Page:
- A highly malignant tumor that arises from trophoblastic cells within the uterus. Choriocarcinoma tends to be invasive and to metastasize early and widely through both the venous and lymphatic systems. Choriocarcinoma is one of the two types of gestational trophoblastic tumor, the other being hydatidiform mole. Choriocarcinoma may follow any type of pregnancy. It is especially likely to occur with a hydatidiform mole (molar pregnancy). About 2 to 3% of hydatidiform moles are complicated by the development of choriocarcinoma. The prognosis for women with metastatic choriocarcinoma was once grim. It has markedly improved with the advent of multidrug chemotherapy. Patients with high-risk metastatic disease usually need aggressive multidrug chemotherapy. Women with low-risk metastatic disease are sometimes treated with a single drug. Overall, the cure rate for high-risk patients is 60 to 80%.
* * *A highly malignant neoplasm derived from placental syncytial trophoblasts and cytotrophoblasts which forms irregular sheets and cords, which are surrounded by irregular “lakes” of blood; villi are not formed; neoplastic cells invade blood vessel s. Hemorrhagic metastases develop relatively early in the course of the illness, and are frequently found in the lungs, liver, brain, and vagina, and various other pelvic organs; c. may follow any type of pregnancy, especially hydatidiform mole, and occasionally originates in teratoid neoplasms of the ovaries or testes. SYN: chorioepithelioma.
* * *cho·rio·car·ci·no·ma -.kärs-ən-'ō-mə n, pl -mas also -ma·ta -mət-ə a malignant tumor derived from trophoblastic tissue consisting of syncytiotrophoblasts and cytotrophoblasts that develops typically in the uterus following pregnancy, miscarriage, or abortion esp. when associated with a hydatidiform mole or rarely in the testes or ovaries chiefly as a component of a mixed germ-cell tumor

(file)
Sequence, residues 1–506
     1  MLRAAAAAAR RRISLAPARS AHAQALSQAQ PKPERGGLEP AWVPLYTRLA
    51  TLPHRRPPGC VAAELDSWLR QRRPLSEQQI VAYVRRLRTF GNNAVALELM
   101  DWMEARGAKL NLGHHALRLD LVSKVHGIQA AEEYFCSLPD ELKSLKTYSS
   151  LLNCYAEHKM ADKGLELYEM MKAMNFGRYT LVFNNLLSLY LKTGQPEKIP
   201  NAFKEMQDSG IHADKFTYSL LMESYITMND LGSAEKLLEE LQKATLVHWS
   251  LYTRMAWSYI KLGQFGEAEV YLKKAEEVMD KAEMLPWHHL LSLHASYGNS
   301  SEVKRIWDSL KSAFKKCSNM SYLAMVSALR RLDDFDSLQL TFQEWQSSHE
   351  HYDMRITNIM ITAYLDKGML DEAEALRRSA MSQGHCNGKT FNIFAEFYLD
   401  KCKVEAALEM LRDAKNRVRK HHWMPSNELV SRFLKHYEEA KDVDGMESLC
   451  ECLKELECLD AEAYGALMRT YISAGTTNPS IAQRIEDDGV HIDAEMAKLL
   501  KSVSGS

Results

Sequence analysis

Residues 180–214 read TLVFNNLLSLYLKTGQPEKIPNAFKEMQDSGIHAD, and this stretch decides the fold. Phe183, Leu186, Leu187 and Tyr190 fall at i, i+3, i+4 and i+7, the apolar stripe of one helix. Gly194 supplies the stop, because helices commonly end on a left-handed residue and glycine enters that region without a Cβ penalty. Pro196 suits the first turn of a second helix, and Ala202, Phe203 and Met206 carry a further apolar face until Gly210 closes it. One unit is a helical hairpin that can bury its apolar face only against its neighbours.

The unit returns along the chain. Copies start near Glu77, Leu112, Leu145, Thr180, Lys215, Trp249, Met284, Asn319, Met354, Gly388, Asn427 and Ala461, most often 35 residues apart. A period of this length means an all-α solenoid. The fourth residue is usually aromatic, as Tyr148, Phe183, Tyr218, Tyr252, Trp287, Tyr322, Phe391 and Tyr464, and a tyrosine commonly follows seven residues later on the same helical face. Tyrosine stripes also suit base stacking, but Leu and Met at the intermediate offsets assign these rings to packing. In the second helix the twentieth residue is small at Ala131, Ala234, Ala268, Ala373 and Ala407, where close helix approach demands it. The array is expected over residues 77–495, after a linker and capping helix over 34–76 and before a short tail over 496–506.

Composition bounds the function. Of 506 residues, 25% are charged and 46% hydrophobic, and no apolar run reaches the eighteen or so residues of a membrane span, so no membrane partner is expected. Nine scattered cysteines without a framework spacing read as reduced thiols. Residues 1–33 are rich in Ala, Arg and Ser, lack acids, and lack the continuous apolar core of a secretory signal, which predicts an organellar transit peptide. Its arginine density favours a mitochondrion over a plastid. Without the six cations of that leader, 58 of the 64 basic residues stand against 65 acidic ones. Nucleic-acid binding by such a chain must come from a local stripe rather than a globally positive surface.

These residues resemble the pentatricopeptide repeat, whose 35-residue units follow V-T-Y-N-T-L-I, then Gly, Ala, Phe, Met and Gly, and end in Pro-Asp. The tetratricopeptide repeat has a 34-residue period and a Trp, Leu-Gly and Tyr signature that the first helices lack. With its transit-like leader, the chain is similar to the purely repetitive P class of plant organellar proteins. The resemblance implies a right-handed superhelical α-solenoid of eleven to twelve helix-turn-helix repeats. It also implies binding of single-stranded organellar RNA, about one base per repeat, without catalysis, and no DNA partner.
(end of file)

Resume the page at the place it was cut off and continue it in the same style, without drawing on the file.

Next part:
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* * *cho·rio·car·ci·no·ma (kor″e-o-kahr″sĭ-noґmə) [chorio- + carcinoma] an epithelial malignancy of trophoblastic cells, formed by the abnormal proliferation of cuboidal and syncytial cells of the placental epithelium, without the production of chorionic villi. Almost all cases arise in the uterus, developing from hydatidiform mole, following abortion, or during normal pregnancy. The remainder occur in ectopic pregnancies and genital (ovarian and testicular) and extragenital teratomas. Called also chorioblastoma, chorioepithelioma, chorionic carcinoma or epithelioma, and syncytioma malignum.
Medical dictionary. 2011.